If there is a perfect solution to be found regarding ending the American opioid epidemic, it has yet to show itself. The American public has been made fully aware of the situation, with hundreds of people dying every week; they also know that we cannot arrest our way out of the problem, as lawmakers have attempted to accomplish in similar situations of the past. It is understanding this, that should lead to the eventual end of stigma and discrimination that has long been associated with any form of mental illness, and especially addiction which many believe is the result of a lack of moral fiber or a weak constitution.
Lawmakers have hopped on the band wagon as well, with many politicians who historically would never have lifted a finger to help someone with a substance use disorder, now working on bipartisan bills to address the deadly epidemic. However, while legislation like the Comprehensive Addiction and Recovery Act (CARA) was designed to address the many aspects of the epidemic, there are serious concerns that have been raised by critics of the bill regarding a shortage of funding to pay for the various programs called for by the legislation.
As we mentioned earlier this week, the American Academy of Family Physicians (AAFP), called upon all members of the U.S. House and Senate to fully fund CARA. This funding is desperately needed to ensure that everyone with an opioid use disorder can access and receive treatment in a timely manner. We will just have to wait to see if our elected officials will heed the call.
Interestingly, and albeit somewhat surprisingly, while the American electorate was focused on a vicious Presidential election, another piece of dense legislation was in the works in the House, a bill that, among other things, seeks to tackle the opioid epidemic. The 21st Century Cures Act was approved in Congress, a bipartisan bill, which seeks to divert almost $4.8 billion to the National Institutes of Health for research, and provide $1 billion in new funding for opioid addiction prevention and treatment, USA Today reports. Despite a number of objections being raised on both sides of the aisle, the bill was approved 392-to-26.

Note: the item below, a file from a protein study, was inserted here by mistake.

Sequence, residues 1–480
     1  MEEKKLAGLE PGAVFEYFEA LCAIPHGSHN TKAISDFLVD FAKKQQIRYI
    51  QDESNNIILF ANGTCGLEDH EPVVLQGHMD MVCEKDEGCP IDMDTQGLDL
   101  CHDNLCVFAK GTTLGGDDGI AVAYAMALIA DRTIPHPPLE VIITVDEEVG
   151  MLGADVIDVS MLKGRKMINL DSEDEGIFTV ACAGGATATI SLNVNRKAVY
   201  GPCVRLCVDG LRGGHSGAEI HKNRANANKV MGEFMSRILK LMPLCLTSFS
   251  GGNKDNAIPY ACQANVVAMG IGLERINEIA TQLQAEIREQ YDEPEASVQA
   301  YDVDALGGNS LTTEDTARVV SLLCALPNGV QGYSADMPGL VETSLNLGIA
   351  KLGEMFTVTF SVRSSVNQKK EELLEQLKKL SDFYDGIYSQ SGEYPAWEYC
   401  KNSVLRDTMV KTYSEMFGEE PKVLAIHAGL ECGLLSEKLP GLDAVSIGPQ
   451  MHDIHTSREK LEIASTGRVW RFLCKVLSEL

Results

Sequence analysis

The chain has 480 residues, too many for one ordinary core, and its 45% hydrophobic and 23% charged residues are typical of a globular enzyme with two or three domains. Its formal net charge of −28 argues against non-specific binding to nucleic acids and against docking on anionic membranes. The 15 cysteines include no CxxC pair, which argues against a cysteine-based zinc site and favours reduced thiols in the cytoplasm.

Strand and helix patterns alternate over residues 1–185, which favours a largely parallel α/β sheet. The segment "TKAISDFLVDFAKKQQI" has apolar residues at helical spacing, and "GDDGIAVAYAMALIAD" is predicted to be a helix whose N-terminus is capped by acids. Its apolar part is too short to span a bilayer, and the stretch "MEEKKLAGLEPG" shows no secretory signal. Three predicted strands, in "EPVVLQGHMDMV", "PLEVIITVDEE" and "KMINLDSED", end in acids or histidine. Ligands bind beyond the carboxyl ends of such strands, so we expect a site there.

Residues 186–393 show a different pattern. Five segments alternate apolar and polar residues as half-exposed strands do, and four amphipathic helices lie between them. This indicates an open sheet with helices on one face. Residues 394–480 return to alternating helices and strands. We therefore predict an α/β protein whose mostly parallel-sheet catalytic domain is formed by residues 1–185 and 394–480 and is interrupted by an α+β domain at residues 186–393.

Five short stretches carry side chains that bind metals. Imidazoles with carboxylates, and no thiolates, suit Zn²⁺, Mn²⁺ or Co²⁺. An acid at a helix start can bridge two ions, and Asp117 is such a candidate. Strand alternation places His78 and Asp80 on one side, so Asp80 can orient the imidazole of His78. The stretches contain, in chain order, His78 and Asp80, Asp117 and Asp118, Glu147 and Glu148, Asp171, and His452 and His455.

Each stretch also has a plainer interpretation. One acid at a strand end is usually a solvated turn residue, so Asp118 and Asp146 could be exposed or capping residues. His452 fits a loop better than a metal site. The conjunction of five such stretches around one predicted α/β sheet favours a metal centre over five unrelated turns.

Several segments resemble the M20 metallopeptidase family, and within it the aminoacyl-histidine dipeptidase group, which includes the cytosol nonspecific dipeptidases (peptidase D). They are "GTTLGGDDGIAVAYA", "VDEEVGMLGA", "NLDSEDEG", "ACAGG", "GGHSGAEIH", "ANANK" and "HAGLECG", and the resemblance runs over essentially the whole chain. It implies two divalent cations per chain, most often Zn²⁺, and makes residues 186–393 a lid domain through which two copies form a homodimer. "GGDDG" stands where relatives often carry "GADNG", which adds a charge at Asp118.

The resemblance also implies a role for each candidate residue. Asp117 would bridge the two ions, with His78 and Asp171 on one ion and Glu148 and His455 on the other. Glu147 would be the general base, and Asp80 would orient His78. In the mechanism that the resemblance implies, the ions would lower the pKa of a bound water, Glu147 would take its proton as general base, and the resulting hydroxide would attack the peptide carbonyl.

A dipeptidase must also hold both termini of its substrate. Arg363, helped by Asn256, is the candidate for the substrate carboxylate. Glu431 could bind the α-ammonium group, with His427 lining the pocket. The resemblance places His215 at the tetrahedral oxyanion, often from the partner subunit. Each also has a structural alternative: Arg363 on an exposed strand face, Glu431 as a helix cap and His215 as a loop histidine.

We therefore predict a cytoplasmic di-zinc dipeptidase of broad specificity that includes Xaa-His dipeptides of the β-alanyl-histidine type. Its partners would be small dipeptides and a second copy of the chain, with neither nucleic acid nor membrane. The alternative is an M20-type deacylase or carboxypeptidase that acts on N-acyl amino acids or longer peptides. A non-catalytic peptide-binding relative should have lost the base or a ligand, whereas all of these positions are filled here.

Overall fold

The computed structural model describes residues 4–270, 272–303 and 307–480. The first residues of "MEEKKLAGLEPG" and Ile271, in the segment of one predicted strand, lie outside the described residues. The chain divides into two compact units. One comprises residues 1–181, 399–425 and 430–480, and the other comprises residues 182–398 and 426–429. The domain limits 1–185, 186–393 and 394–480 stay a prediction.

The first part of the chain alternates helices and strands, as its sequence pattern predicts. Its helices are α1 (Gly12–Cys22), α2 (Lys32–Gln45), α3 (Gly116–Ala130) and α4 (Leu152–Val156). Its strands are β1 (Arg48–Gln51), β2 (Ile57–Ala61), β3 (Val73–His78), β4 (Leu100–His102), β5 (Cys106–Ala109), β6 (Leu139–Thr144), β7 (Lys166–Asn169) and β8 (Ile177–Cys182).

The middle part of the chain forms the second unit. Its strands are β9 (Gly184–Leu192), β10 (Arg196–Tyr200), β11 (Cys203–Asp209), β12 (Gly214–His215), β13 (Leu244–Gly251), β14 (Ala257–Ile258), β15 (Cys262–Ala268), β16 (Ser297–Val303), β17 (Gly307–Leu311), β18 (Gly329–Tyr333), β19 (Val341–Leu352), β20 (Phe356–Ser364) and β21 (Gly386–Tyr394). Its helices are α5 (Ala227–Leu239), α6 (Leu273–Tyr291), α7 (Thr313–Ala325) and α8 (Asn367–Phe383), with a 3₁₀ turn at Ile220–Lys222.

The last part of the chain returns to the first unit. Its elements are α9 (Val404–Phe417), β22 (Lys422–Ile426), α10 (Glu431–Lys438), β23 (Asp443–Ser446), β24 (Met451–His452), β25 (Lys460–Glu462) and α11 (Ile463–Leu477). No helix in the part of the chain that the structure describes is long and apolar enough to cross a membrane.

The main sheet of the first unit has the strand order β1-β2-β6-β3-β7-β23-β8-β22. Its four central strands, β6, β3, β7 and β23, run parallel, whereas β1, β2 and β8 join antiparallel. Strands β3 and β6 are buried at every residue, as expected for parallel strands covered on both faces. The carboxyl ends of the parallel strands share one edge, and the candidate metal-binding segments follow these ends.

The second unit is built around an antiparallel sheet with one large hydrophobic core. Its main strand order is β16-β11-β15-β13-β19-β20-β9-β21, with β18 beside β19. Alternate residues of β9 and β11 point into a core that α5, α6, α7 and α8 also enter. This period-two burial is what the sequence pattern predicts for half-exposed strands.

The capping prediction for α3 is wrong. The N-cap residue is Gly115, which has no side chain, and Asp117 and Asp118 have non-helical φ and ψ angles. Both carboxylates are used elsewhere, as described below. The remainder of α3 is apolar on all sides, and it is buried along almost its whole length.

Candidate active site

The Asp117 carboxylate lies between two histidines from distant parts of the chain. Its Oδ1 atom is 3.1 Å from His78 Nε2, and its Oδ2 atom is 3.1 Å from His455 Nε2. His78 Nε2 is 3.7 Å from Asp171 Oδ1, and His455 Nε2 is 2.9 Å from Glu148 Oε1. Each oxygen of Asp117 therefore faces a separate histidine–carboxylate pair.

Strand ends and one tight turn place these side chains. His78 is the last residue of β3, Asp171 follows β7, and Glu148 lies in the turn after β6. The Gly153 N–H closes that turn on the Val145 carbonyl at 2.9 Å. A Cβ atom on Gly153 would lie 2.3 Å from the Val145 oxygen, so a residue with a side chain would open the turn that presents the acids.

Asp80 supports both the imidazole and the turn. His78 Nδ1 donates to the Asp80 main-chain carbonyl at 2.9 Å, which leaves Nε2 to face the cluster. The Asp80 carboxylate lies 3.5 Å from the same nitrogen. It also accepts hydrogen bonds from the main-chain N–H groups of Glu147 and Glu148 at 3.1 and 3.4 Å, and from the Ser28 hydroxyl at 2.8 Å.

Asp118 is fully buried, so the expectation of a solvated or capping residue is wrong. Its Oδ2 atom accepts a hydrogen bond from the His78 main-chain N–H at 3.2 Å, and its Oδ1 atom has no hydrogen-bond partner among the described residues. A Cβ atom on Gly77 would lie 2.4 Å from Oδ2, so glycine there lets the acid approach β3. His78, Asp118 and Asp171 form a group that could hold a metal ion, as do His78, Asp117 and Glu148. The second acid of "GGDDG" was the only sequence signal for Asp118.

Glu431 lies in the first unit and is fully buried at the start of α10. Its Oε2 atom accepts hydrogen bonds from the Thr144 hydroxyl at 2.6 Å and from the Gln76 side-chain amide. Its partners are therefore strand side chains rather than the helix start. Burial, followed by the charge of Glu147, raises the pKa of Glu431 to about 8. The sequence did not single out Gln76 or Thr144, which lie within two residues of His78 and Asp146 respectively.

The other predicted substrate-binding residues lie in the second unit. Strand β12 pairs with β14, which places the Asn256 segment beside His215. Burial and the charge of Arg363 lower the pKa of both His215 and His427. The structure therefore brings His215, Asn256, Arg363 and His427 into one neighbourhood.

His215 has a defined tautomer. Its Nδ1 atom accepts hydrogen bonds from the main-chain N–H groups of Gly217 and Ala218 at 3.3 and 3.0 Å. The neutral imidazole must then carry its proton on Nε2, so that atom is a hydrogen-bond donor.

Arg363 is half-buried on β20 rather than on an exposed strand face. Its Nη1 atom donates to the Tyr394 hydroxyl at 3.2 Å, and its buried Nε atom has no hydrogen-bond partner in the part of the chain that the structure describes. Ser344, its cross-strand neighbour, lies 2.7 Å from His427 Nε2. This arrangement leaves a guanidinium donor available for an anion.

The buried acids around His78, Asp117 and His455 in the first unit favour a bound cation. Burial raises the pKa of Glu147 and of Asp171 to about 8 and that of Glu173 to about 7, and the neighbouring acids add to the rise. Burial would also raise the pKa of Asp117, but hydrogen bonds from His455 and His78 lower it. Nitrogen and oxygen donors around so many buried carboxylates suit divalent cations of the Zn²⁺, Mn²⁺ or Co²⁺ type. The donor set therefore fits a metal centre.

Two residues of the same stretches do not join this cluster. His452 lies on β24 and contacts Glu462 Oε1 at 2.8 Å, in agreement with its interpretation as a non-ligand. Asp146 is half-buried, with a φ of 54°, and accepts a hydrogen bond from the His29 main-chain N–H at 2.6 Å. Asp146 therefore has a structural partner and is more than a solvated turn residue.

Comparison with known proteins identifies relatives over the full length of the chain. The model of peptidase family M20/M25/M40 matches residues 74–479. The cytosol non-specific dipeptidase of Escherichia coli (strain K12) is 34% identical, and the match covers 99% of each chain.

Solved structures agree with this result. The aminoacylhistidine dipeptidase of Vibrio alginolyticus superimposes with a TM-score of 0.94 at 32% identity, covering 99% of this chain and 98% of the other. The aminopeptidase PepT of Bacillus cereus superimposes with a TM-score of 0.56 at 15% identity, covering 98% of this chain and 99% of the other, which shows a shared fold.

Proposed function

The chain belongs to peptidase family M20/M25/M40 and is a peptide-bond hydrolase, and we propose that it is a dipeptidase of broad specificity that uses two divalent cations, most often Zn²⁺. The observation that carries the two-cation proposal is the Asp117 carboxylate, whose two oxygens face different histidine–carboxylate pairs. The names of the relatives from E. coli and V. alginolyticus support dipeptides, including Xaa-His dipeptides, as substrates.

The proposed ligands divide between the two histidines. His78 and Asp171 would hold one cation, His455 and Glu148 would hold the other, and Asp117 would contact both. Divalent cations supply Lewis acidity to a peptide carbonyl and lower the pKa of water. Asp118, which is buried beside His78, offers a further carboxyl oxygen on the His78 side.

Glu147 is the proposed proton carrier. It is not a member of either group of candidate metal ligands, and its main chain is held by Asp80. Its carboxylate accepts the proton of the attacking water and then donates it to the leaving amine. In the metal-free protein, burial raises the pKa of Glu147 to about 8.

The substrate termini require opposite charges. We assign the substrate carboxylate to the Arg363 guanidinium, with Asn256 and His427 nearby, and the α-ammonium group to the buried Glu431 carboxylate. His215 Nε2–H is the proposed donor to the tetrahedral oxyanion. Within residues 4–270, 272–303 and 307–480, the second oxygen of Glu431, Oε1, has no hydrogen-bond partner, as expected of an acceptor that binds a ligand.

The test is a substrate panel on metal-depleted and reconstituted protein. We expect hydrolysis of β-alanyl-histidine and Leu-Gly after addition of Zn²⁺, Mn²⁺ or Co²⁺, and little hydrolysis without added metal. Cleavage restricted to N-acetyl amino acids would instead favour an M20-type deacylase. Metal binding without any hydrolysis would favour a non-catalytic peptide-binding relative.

Unlike CARA which is focused specifically on addiction, the 996-page Cures Act covers several areas of medicine, such as allowing the Food and Drug Administration (FDA) to speed up the approval time for new drugs and medical equipment, according to the article. Additionally, the Cures Act seeks to:
- Channel $1.8 billion to the “Cancer Moonshot” initiative, designed to accelerate research into new cancer therapies, expand prevention and early detection.
- Create a mental health and substance abuse “policy laboratory.”
- Fortify existing mental health parity laws.
At first glance, the new legislation, if approved in the Senate as many expect it to be, should bring about a lot of change, the good kind of change. Unfortunately, a number of politicians on the right believe that the Cures Act is “a legislative goodie bag loaded with special-interest surprises,” the article reports. Where critics on the left argue:
“When American voters say Congress is owned by big companies, this bill is exactly what they are talking about,” said Sen. Elizabeth Warren, D-Mass., in a speech on the Senate floor earlier this week.
But, at the end of the day, we will just have to wait and see how the Cures Act will play out. There is no question that every dollar directed towards ending the opioid epidemic is a dollar well spent. However, everything else that is packed into the bill in the fine print could mean that addressing the opioid crisis may come at a great cost.